‘Old’ cells could be the cause of cancer treatment-related side effects, according to new research.

The study, published in Nature, made the discovery when investigating a possible relationship between the number of senescent cells (cells that have stopped dividing) in mouse models and side effects incurred by four commonly used chemotherapy drugs.

Researchers found that those mice with higher numbers of senescent cells experienced more severe side effects.

The experiment was carried out by scientists from the University of Groningen in the Netherlands and the Buck Institute for Research on Aging in Novato, California who engineered mouse models in which senescent cells could be tracked, isolated and eliminated.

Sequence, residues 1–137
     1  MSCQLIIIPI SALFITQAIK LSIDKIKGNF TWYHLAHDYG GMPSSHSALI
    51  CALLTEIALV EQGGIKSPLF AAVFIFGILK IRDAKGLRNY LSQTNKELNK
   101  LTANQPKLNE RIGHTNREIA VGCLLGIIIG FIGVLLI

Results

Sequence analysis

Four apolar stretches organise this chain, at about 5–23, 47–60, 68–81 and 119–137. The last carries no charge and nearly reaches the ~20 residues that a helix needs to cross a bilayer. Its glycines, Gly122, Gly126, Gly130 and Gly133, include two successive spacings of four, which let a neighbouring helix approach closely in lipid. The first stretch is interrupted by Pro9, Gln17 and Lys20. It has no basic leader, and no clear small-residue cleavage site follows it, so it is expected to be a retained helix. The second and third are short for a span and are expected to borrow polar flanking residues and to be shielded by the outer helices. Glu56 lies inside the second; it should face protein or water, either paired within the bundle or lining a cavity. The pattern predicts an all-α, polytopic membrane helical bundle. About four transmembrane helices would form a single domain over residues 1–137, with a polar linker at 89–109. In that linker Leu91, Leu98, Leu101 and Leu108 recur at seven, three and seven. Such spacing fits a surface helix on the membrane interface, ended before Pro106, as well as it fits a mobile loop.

After exposing the mice to four commonly used chemotherapies, the team found that the drugs caused senescent cells to persist in non-cancerous tissue which in turn induced inflammation.

When these cells were eliminated post-treatment exposure, several side effects were reduced, alongside an improvement in bone marrow recovery, decreasing in heart dysfunction, and lowering of cancer relapse risk.

As many chemotherapy drugs interrupt cell division in both healthy and cancerous cells, the findings suggest that targeting senescent cells could make chemotherapy more effective and tolerable for patients.

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